Tue, Oct 8, 2013

Infrastructure Investment in Developing Asia, Perspectives on Risk

In almost all developing Asian countries, high growth has created the demand for better economic and social infrastructure. These countries have not only expanded tremendously in terms of income and population. They have also experienced rapid urbanization, a growing middle class, and in some countries, the intensifying realization among the political classes—especially in countries where there exists an electoral process—that citizens will judge the performance of their leaders by the economic and social facilities they deliver.

High absolute demand for better infrastructure in South and Southeast Asia occurs at a time when experts claim there is a marked increase in infrastructure investment globally. Conventional wisdom is that economic infrastructure assets are inherently monopolistic and therefore less sensitive to spells of economic weakness. This probably holds true more in developed countries than in developing ones where the risks of political instability, currency depreciation and indeed, the expropriation of an asset could swiftly eradicate the promise of high returns from a monopoly situation. Many foreign investors who were forced to renegotiate contracts or had them canceled in the aftermath of the 1997 Asian crisis would appropriately remind us of this fact.

But there are enduring signs of change since that time: there is greater political stability in most Asian countries, currencies are flexible and the public-private partnership model has made wholesale seizure of assets in the infrastructure sector less likely.

There are also other factors driving infrastructure investment in Asia:

  • Despite inconsistencies in execution, improvements in the business and regulatory environment are reducing barriers to entry. Legislative reforms passed or slated in Indonesia (e.g., amendments to the law on public-private partnerships and land acquisition), Thailand, Philippines and even Myanmar, have coupled with relatively favorable concessions offered to foreign investors by governments looking to attract infrastructure investment.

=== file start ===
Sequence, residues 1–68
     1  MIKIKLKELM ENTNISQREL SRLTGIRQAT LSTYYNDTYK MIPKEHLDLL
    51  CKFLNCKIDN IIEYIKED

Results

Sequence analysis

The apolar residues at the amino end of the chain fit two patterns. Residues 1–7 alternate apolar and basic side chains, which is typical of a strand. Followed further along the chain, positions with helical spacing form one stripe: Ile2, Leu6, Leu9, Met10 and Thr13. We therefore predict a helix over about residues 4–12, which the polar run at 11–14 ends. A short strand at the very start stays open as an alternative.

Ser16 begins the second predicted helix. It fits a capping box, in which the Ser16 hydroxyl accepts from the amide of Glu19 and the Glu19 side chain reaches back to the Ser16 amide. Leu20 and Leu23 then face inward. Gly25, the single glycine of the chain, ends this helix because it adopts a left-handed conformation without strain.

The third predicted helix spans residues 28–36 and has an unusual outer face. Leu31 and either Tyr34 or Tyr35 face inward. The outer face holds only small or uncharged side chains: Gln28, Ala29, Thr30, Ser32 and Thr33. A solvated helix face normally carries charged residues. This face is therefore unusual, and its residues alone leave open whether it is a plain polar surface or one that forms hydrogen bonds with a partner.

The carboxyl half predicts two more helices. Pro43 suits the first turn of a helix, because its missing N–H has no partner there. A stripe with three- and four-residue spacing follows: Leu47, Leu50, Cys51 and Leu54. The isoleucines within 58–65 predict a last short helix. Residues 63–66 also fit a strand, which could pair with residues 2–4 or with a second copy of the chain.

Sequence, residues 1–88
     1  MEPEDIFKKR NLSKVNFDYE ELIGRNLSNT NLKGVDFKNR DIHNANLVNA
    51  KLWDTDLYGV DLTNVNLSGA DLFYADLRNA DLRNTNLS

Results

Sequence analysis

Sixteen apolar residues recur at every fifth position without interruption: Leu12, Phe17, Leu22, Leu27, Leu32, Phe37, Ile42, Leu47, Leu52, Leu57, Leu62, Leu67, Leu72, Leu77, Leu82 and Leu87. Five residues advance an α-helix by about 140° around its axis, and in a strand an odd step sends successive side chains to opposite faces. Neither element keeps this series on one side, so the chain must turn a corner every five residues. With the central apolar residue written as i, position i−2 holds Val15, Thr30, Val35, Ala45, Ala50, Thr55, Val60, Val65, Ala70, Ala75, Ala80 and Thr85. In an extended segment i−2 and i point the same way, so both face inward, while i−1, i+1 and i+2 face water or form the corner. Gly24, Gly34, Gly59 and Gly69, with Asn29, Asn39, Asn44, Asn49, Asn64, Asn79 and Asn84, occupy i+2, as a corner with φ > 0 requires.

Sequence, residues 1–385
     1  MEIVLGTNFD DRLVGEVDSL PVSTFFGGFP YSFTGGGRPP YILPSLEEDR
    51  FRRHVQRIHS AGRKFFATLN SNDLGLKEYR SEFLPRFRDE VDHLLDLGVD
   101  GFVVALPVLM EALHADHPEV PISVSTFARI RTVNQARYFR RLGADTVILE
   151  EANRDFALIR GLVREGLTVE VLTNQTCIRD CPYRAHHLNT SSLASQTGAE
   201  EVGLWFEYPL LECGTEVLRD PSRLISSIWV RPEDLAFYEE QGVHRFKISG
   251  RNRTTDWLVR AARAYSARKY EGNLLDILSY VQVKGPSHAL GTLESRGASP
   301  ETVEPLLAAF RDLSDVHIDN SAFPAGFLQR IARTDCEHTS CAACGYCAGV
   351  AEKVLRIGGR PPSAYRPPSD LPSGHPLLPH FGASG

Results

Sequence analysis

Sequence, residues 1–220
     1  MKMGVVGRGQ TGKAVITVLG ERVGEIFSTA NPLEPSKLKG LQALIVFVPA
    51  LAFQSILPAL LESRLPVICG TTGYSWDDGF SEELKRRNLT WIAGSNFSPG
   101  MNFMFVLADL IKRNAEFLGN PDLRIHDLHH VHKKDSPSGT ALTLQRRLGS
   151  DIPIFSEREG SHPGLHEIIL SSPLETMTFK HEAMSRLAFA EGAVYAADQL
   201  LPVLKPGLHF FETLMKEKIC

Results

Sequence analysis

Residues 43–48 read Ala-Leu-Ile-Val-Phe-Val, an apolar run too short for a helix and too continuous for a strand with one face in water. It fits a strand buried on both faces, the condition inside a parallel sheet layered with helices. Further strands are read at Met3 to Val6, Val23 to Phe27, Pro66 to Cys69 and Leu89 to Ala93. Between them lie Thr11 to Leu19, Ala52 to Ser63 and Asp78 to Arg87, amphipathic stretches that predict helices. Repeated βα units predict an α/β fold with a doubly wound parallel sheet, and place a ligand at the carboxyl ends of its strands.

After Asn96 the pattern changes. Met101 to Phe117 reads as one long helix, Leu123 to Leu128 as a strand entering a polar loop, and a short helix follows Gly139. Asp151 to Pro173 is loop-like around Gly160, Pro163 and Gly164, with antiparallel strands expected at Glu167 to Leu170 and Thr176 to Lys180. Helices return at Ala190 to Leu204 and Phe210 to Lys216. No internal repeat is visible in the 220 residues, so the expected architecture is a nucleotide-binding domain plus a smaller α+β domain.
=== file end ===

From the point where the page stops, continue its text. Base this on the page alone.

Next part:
• The hunger for natural resources; exploration, development, production, transportation and distribution of resources requires good infrastructure. This has been one of the drivers of
  • Chinese infrastructure investment in Southeast Asia (and elsewhere).
  • Overcapacity on the part of Japanese and Malaysian companies has forced them to look for new investment opportunities in “near-abroad” markets. These countries, alongside
  • China, have deeper domestic capital markets and therefore able to fund infrastructure investments led by their blue-chip companies. Telecommunication investments in India and recently in Myanmar have also benefited from a similar driver (in these cases, Russian and Middle Eastern petrodollars funded the investments).
  • Long-term, open-end infrastructure investment funds have given global investors a new way to bet on emerging markets growth. Allocations are increasing annually. This is not “hot money” that flees the moment that US monetary policy changes. Investors are aware that their capital will be tied up for a long time. Moreover, with the development of regional financial and offshore centers such as Hong Kong and Singapore, funds are finding innovative ways to reduce the impact of foreign exchange risk and to some extent, sovereign risk.

These factors have brought private financing into countries historically unable to fund infrastructure projects.

Risk Mitigation Strategies